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Mike Green Alley? Neighbors Seek to Make It So

Members of the Richmond Heights neighborhood have asked the city to investigate how they can honor the life of a friend. It appears to be the first request of its kind.

Several people hope to name a alley after their late neighbor Michael "Mike" Green, once described as the "lovable, crotchety old grandpa of Yale Avenue."

The challenge: No one has ever attempted to name one of the city's alleys.

Now, city staff are exploring best practices in nearby St. Louis communities and working with City Council to decide how the process can move forward in a way that allows them to honor a beloved neighbor while guarding against candidates with questionable pasts.

Introducing Mike Green

Mike lived in the street's 1100 block. The U.S. military veteran raised three children with his wife, Barbara, and had grandchildren, said Kenneth Gurney, block captain for the area. He was a loving father and a great neighbor, Gurney said, and while he could be gruff and ruffle feathers, people congregated to him.

On nice days, he sat on his front porch to watch the world go by. Neighbors and their children would come by to chat, Gurney said, and soon a crowd had formed. Mike told stories and had a good time with those around him.

"Even when he was sick, he would bend over backwards to help you or to welcome you into his home," Gurney said.

An Aug. 3, 2010, certificate of recognition from the city—read at a National Night Out event in the neighborhood that year—honored Mike's more than 40 years of active citizenship. The document read:

"A certificate of recognition is bestowed upon Michael James Green on behalf of the mayor, City Council and the Yale Avenue neighbors of Richmond Heights, Missouri, and we do hereby thank him for his more than 40 years of active involvement in being a good neighbor, thereby making his neighborhood and community a more friendly, vibrant and safer place to live.

"It is with friendship and affection his neighbors consider Mr. Green to be the 'lovable, crotchety old Grandpa of Yale Avenue' and we wish him many more years of happy and productive years as a resident of Richmond Heights and Yale Avenue."

A council representative read the certificate, longtime Yale Avenue resident Paul April said. He recalls that the recognition surprised Mike and that Mike kept saying he didn't deserve it.

Lending a hand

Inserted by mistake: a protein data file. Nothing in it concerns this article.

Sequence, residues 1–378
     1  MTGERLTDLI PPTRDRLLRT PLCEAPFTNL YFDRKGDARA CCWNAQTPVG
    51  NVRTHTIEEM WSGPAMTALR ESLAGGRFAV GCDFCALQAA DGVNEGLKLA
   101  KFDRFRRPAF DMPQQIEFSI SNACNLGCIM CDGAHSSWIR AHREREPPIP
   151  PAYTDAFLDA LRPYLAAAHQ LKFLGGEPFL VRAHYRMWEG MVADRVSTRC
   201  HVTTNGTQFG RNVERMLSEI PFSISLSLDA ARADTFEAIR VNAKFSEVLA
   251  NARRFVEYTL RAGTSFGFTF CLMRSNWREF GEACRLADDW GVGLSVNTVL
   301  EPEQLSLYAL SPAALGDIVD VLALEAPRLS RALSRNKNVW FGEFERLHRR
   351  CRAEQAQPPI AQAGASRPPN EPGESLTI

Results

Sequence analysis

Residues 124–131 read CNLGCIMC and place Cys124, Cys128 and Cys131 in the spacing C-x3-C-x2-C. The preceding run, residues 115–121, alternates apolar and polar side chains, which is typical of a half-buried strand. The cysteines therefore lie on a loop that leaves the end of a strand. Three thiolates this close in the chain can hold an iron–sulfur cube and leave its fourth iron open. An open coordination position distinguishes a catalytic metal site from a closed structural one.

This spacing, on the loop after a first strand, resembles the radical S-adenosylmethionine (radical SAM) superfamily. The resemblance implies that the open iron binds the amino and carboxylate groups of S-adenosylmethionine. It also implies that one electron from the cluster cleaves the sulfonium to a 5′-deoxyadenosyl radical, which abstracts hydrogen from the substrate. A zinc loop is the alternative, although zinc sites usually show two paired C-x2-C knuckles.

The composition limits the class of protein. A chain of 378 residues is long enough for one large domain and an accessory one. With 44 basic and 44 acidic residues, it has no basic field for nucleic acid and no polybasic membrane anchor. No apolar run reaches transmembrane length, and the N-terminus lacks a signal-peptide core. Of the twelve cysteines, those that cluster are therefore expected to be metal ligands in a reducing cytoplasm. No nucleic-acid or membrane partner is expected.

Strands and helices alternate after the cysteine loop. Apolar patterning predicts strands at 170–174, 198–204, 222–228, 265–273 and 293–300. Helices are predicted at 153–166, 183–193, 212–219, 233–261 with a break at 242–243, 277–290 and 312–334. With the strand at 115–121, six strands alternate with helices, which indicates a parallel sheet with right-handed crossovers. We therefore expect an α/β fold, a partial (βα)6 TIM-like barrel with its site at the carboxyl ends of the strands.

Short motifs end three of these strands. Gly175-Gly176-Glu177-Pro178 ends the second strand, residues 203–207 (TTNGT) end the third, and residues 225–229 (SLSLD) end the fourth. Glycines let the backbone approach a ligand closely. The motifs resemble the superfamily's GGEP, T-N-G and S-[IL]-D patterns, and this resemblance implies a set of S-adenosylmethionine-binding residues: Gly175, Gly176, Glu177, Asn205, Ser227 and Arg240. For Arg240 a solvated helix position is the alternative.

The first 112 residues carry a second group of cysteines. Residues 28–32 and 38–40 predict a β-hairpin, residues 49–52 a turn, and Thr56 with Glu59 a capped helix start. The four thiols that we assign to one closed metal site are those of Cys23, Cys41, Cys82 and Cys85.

April only learned of the effort to name the alley last week. But he supports the idea.

"I can't think of anyone who deserves this kind of recognition more," said April, who met Mike shortly after moving into the neighborhood 22 years ago.

April said Mike helped him find a way to transport his late mother-in-law over the three stairs at the front of his house: They brought a chair to her, and Mike led the way in carrying her up the stairs.

"It was awesome," April said.

At other times, as April drank coffee in the morning, he would see Mike going down the block while trimming residents' lawns with his edger. The neighborly gesture had a positive affect on April, who said he hires a yard service and is not "a lawn fanatic."

While Mike was, "on the surface, an Archie Bunker type," he had a heart of gold, April said. He helped everyone regardless of age, skin color or proximity to his house.

Mike died early last year.

"He's one of those people that you felt really lucky if you got the opportunity to get to know him," April said.

The naming of an alley

Around Halloween last year, a neighbor approached Gurney to ask how she get the alley that lies south of Oakland Avenue—between Yale Avenue and Blendon Place—named after Mike.

Gurney discussed the idea with Barbara Green, who he said thought it was a great idea. He sent an email to District 3 Councilwoman Gina Mitten asking for more information about how to proceed.

Last week, the . 

Mayor James Beck asked council representatives to provide feedback on parameters they would like to see used in evaluating such nominations. While council members agreed Mike was a valued member of the community, several requested that candidates be vetted to prevent the recognition of people with questionable pasts.

City Manager Amy Hamilton indicated the city has never previously named alleys. She said Assistant City Manager would contact nearby cities to learn whether they have alley-naming parameters.

Fostering a sense of community

Gurney thinks naming the alley after Mike would bring the community together. When people have a personal connection to a piece of property—their house, for example—they tend to take care of it.

So if the alley bore Mike's name, residents who spot weeds or trash might be more inclined to clean it up.

"You try to take care of what is yours," Gurney said.

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